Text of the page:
Impulse Creations Interviews Greg Pak About Magneto Testament
|Posted by (kiplingkat) on Nov 13 2008|
This interview was set before the release of issue #2.
Impulse: Thanks so much, Greg, for taking the time to answer my questions! I really appreciate it. So let's talk about X-men: Magneto Testament! The first issue came out last month---the first of five. How did this mini-series get started, and when you signed on, what kinds of things were running through your mind regarding how you wanted to flesh out this origin story and the direction you wanted to take it?
Greg Pak: About three years ago, Marvel editor Warren Simons approached me about the project, and before six words were out of his mouth, I knew I was going to do it. I was honestly terrified at the prospect of tackling a story set during the Holocaust. But I knew that meant I probably would never forgive myself if I said no. From that very first meeting, I could tell Warren felt the same sense of responsibility towards this project---it's been a mission for both of us to do justice to this story.
Impulse: I found it really interesting the way you and the artist, Carmine Di Giandomenico, started the premiere issue. In the second panel on the first page you see pieces of metal jewelry and someone talking to "Erich," but you don't yet see anyone's faces. At first I thought Erich was, you know, young Magneto (Erik Lehnsherr); it's actually his uncle. Magneto's birth name, we find out, is Max Eisenhardt. Is it just a coincidence that Max's uncle's name is practically the same as the name Max later takes, or is this foreshadowing something that happens later in the mini?
Greg: I'll diplomatically keep my mouth shut for fear of spoilers.
Impulse: We get a really interesting family dynamic going on here, too. What made you decide to portray Max's family in this way? I mean, what were some of the things you thought were important and that you wanted to clearly portray when showing his home life?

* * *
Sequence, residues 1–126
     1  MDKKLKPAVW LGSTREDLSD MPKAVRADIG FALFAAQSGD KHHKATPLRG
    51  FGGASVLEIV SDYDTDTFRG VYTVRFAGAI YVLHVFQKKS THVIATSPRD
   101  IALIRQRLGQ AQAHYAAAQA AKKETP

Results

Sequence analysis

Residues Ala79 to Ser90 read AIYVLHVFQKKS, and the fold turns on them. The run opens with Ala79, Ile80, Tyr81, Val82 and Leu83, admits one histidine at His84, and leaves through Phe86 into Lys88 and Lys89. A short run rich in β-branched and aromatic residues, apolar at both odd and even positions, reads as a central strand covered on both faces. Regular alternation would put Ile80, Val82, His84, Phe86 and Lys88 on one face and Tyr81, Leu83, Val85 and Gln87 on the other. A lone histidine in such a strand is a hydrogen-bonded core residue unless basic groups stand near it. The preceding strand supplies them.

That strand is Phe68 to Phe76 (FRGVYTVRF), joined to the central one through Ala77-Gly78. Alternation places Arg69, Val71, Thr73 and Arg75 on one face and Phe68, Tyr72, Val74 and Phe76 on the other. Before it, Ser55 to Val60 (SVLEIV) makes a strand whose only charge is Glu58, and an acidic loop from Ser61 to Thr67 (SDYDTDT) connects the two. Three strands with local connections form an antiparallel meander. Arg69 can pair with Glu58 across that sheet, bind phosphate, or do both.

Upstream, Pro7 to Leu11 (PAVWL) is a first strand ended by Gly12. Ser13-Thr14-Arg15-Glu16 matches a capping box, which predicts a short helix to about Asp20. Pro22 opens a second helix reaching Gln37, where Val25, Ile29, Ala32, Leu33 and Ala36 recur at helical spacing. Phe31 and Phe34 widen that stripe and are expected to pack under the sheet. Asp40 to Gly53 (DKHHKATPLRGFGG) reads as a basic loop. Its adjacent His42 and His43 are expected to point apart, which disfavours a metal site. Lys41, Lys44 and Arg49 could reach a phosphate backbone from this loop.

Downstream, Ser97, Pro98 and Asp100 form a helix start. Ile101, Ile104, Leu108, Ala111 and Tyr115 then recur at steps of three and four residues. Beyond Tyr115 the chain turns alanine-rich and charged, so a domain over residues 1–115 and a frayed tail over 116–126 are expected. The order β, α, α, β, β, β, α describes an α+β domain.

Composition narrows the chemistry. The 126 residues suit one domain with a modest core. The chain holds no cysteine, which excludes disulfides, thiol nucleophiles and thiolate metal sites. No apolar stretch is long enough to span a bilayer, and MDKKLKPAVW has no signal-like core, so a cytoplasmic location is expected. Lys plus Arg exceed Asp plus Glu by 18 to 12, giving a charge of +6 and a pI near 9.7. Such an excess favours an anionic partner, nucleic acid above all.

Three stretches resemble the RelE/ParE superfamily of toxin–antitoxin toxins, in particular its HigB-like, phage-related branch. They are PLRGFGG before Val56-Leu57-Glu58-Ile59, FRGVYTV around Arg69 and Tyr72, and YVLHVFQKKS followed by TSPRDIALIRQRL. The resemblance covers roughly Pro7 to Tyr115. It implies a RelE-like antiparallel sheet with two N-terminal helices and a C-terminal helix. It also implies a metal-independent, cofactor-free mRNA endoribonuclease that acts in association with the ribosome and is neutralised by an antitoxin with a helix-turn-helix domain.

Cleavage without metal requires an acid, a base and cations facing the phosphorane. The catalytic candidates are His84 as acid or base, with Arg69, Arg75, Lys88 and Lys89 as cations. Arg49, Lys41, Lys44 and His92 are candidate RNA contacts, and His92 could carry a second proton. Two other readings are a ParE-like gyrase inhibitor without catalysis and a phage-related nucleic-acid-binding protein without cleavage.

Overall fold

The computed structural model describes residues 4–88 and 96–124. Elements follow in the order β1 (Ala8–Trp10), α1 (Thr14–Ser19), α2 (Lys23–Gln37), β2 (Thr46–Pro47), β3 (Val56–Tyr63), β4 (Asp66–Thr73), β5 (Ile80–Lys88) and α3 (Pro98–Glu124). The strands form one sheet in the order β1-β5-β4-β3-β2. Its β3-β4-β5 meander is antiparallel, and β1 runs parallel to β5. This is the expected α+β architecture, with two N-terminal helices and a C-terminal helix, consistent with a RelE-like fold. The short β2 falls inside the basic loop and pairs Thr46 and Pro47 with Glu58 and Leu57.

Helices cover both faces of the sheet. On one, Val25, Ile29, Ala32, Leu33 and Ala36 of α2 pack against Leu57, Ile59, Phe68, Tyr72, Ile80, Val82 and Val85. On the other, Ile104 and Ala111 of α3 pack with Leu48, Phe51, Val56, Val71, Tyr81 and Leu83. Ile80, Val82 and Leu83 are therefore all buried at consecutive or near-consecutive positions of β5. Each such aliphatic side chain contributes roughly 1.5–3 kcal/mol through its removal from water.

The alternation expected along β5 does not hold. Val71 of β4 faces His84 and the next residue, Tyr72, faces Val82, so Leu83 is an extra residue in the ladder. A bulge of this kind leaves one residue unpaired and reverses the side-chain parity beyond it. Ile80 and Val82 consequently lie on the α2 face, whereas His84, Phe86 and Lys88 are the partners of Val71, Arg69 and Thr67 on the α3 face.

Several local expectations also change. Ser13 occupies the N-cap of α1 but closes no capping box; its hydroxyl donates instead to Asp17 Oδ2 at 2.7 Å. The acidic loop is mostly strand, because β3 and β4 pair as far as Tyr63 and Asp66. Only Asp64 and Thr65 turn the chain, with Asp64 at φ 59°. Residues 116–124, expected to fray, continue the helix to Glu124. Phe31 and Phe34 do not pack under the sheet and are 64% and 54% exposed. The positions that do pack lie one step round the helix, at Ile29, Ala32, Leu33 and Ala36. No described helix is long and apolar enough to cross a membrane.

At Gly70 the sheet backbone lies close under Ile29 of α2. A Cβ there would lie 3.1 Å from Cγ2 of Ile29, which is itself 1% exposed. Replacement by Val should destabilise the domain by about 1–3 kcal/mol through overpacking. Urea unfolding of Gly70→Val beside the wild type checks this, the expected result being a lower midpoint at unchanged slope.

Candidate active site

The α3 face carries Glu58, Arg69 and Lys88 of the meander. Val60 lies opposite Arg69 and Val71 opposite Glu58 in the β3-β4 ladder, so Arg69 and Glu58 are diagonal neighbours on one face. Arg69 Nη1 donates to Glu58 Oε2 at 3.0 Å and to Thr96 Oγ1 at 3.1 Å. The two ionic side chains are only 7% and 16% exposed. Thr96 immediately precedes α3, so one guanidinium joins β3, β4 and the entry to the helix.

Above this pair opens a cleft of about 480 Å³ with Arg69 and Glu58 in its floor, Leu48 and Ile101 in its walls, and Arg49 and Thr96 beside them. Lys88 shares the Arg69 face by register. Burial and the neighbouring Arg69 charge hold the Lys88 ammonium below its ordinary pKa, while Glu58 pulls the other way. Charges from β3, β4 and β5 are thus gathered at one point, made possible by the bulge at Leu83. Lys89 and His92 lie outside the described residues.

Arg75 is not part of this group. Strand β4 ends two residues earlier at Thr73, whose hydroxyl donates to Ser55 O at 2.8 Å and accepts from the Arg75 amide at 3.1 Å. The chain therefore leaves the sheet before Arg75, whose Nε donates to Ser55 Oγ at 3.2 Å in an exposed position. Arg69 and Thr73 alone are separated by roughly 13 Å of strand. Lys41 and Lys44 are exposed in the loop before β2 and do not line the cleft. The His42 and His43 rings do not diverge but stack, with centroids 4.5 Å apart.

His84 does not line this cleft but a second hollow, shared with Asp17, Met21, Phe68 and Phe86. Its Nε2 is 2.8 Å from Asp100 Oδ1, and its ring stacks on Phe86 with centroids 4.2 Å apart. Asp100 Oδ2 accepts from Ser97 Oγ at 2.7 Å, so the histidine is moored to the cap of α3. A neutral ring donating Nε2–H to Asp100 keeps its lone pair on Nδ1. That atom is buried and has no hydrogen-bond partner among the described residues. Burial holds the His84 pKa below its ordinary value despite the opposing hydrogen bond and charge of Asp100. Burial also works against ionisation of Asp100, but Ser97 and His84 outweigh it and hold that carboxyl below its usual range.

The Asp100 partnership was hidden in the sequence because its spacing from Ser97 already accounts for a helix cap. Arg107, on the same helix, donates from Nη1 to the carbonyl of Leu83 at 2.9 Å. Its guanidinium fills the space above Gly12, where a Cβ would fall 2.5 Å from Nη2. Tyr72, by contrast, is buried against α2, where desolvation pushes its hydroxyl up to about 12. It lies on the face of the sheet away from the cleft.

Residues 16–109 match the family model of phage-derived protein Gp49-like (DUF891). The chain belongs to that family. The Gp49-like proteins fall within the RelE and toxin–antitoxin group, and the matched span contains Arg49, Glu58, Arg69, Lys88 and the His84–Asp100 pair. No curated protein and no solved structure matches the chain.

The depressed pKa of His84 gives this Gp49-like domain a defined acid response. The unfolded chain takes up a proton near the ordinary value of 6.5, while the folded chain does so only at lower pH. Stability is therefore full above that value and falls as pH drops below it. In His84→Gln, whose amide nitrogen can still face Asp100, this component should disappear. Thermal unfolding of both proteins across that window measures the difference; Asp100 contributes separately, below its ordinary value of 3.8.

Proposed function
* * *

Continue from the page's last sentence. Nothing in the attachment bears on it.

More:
Greg: The key was always to make Max's family completely understandable as the kind of everyday, decent, funny, brave, and sometimes goofy folks any of us might know and love. They're not faceless, helpless victims; instead, we wanted to depict them as everyday heroes struggling to make sense of their suddenly insane world in ways with which readers could completely identify. Most importantly, I wanted to find ways to show the tremendous love Max's father has for his family---especially his son. My favorite moments in the series have been little interactions between Max and his father---the tiny gestures, the little jokes, and the awkward embraces. I love Max's father as much as any character I've ever created.
Impulse: You handle the oppression and rise of the Nazis with such finesse in the comic. It's subtle at some points (even though the reader is certainly aware, from knowing about what Magneto went through growing up and also the historical context), and dramatically strong at others. Why did you feel this route would work, and how does it play into the overall story, especially regarding Max as a character? Was there anything that influenced you in the way you chose to tell it?
Greg: I wanted to begin the story relatively early so that we could get to know Max and his family as human beings before the full gravity of their situation sank in. And I knew we should see almost everything from Max's point of view. That would let us discover things bit by bit at the same time he does and help us understand how the Nazi rise and the Final Solution crept up around and then swept away their victims.
Impulse: I really loved the inclusion of the character Kalb, who genuinely cares for and can definitely (as we later learn) emphasize with Max. But things didn't look so good for him by the end of the issue. Will we get to see him again, by any chance?
Greg: I should probably just hold my tongue, but since you asked so nicely ... Yes, we will see Herr Kalb again. And you're the first to know!